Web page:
Mnuchin to Wield Power Over Yield Curve With Fresh Supply Boost
(Bloomberg) -- As Treasury Secretary Steven Mnuchin prepares to unveil plans to finance the surging U.S. budget deficit, his choices are seen as key to the fate of the yield curve, which is drawing scrutiny because of its march toward inversion.
The nation’s debt managers are set to release a funding program for the next three months on Aug. 1, and bond dealers say it’s a given that coupon-bearing issuance will rise for the third straight quarter. Some project Treasury will extend the sector it leans on to finance budget shortfalls out to the five-year maturity. Either way, the announcement could add fuel to the curve-flattening trend, which has alarmed officials who see it as signaling a darkening economic outlook.
Tax revenue is trailing spending, partly because of President Donald Trump’s tax-cut package. As a result, the nation’s fiscal stewards have little choice but to keep expanding America’s $15 trillion pile of Treasuries, just as the Federal Reserve is raising rates and shrinking its balance sheet. The upshot: Net Treasury issuance will more than double this year to $1.44 trillion, JPMorgan Chase & Co. predicts.
“It’s the same overarching story going into this coming refunding,” said Jonathan Cohn, an interest-rate strategist at Credit Suisse Securities (USA) LLC. “We expect to see continued issuance increases, with five-year notes to see a little bit more than they have previously.”
Credit Suisse predicts the Treasury will lift auction sizes of 2-, 3- and 5-year notes by $1 billion each month over the period, while boosting all other coupon maturities and floating-rate securities by a one-time $1 billion over the quarter. In May, Treasury made a similar move yet limited the $1 billion monthly increases to only 2- and 3-year notes. The department has kept inflation-linked Treasuries stable this year.
Analysts at Goldman Sachs Group Inc. and TD Securities also say larger five-year sales are likely. But the majority of firms expect Treasury to stick to the status quo and limit the bigger increases to maturities of three years and less. A few, including Deutsche Bank AG, say Treasury will tap all tenors out to 30 years evenly.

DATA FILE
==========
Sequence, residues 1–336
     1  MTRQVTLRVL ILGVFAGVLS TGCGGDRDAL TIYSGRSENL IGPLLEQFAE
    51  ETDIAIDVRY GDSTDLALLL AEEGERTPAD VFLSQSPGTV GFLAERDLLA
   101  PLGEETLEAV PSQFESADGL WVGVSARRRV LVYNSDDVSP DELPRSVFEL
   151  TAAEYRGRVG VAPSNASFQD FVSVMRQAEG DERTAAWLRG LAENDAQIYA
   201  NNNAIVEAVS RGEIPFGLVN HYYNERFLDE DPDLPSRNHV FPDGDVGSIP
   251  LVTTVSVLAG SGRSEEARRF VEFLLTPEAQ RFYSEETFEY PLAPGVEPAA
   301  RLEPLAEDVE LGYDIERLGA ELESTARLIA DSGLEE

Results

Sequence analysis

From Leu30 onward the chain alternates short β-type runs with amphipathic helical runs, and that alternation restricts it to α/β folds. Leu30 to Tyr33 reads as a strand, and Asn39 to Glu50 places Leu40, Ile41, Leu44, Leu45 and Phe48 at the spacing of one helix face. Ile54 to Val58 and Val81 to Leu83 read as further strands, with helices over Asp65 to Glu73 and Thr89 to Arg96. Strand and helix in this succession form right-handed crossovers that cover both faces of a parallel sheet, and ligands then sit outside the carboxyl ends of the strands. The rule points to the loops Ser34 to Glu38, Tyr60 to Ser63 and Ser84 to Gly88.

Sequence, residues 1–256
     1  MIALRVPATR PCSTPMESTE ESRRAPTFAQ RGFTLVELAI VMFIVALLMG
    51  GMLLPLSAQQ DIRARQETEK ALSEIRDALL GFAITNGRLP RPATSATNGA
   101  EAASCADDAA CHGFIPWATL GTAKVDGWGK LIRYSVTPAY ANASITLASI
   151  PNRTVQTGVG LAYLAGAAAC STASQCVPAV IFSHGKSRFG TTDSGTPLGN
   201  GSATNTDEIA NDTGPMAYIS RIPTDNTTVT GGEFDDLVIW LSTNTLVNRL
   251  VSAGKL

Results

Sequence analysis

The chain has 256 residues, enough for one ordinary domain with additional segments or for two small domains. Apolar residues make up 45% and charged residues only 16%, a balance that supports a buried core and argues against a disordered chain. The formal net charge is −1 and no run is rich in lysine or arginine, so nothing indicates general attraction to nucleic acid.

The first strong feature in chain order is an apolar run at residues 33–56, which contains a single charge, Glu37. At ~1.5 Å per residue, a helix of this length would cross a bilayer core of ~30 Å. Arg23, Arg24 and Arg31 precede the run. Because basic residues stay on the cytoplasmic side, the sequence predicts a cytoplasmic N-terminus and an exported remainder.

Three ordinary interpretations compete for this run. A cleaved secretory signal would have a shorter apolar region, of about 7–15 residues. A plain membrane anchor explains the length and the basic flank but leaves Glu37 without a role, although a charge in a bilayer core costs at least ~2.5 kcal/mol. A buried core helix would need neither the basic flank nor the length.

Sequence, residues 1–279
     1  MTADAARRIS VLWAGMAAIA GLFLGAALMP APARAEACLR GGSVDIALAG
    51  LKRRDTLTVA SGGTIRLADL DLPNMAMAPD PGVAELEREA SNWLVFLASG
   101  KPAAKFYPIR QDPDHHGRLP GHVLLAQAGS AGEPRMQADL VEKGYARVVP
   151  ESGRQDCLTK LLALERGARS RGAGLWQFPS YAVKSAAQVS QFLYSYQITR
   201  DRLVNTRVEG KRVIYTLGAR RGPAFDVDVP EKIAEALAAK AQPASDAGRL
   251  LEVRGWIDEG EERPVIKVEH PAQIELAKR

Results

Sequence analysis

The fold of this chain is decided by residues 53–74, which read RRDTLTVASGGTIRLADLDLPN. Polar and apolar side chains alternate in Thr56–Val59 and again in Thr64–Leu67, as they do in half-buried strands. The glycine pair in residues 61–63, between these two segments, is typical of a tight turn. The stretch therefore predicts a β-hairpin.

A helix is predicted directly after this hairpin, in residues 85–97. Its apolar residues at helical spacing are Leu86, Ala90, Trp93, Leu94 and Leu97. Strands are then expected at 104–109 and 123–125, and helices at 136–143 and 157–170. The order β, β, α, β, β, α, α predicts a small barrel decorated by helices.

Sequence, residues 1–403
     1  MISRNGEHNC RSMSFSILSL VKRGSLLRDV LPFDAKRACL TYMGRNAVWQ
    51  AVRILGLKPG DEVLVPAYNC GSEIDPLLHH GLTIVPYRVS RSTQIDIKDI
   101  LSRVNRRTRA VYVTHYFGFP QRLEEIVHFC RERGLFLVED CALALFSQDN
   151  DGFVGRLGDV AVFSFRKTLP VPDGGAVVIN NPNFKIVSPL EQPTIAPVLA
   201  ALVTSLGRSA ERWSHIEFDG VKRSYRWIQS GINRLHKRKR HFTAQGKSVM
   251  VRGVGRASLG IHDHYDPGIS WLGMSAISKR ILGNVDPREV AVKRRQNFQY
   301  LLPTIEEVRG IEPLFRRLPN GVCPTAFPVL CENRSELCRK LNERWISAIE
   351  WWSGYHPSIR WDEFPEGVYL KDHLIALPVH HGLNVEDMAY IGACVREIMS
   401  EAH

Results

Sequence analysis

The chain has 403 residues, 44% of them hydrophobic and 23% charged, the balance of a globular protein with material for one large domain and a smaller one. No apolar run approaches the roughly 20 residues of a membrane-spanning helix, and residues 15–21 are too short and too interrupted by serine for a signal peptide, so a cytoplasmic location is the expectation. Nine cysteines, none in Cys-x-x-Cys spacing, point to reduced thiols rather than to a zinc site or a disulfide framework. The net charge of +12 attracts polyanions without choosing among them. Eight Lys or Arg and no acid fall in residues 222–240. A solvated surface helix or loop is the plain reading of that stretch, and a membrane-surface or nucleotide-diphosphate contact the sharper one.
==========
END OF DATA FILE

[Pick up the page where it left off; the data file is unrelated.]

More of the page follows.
With two-year yields touching the highest since 2008, the gap with 10-year yields slid below 24 basis points this month, its smallest since 2007. Meanwhile, the spread from 5 to 30 years shrank to less than 19 basis points. The flattening curve has led several Fed officials to warn of the recessionary signal that inversion would send.
“Greater supply this time at the five-year point could add some pressure to five-year yields, and that would on its own flatten the 5s10s or 5s/30s curve,” said Zachary Griffiths, a strategist at Wells Fargo Securities.
The firm doesn’t see that scenario as likely. It predicts a repeat of May: $1 billion monthly increases for 2- and 3-year notes, and for longer maturities to rise by $1 billion and remain at that level over the quarter.
“We see that as a steady state for Treasury at this point,” Griffiths said. “It’s potentially in November when we could finally see them favoring the long end of the curve a little bit more” as officials strive to keep the weighted average maturity of their debt holdings stable.
The White House’s Office of Management and Budget estimates the deficit will swell to $1.085 trillion by fiscal 2019, from $890 billion this fiscal year and $665 billion in fiscal 2017. The projections have the shortfall rising to 5.1 percent of gross domestic product, from 3.5 percent in fiscal 2017.
The Trump administration has argued that faster economic growth will help boost tax revenue and reduce the deficit. But that’s not happening yet. Gross domestic product expanded at a 4.1 percent annual pace last quarter, the fastest since 2014. Tax revenue in the same period was little changed from the year-earlier period at $1.04 trillion.
Yet the financing needs are still taking a toll on the nation’s budget. With inflation and interest rates rising, debt-service costs rose 16 percent in the first nine months of this fiscal year from the same period of fiscal 2017. Combined with expenses for the country’s three largest mandatory programs -- Social Security, Medicare and Medicaid -- Mnuchin is under pressure to find more ways to finance budget gaps. That’s leading officials to ponder adding securities to their arsenal.
Treasury has already prepped market participants for the likely eventual introduction of a two-month bill and an additional sale of five-year Treasury Inflation Protected Securities.
Steven Zeng, a rates strategist at Deutsche Bank, expects two-month bills to debut in September -- part of a net increase in bill issuance to $400 billion in 2018, from around $140 billion in 2017. Treasury has leaned heavily on bill sales as it’s ramped up issuance this year.
Here are the highlights from some firms’ forecasts for what Treasury will announce this week regarding the two-month bill and changes to the TIPS program:
- Bank of America:
- A new 2-month bill, with first sale in October
- A new 5-year TIPS sale, starting in October
- Possible announcement of 2-month bill, but more likely in November
- New 5-year TIPS sale starting in October
- Wells Fargo:
- Details on 2-month bill, with first sale by year-end
- Five-year TIPS addition likely, with first sale in October
- Goldman Sachs:
- Treasury probably waits until November to add 2-month bill
- Credit Suisse:
- 2-month bill sales to begin in fourth quarter
- New 5-year TIPS calendar date to be announced in November
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